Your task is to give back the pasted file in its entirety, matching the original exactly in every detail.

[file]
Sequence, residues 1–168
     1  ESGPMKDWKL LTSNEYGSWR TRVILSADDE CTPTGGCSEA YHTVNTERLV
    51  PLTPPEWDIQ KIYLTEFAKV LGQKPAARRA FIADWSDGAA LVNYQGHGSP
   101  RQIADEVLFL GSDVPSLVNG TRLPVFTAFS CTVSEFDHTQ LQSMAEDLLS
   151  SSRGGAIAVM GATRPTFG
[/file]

Sequence, residues 1–168
     1  ESGPMKDWKL LTSNEYGSWR TRVILSADDE CTPTGGCSEA YHTVNTERLV
    51  PLTPPEWDIQ KIYLTEFAKV LGQKPAARRA FIADWSDGAA LVNYQGHGSP
   101  RQIADEVLFL GSDVPSLVNG TRLPVFTAFS CTVSEFDHTQ LQSMAEDLLS
   151  SSRGGAIAVM GATRPTFG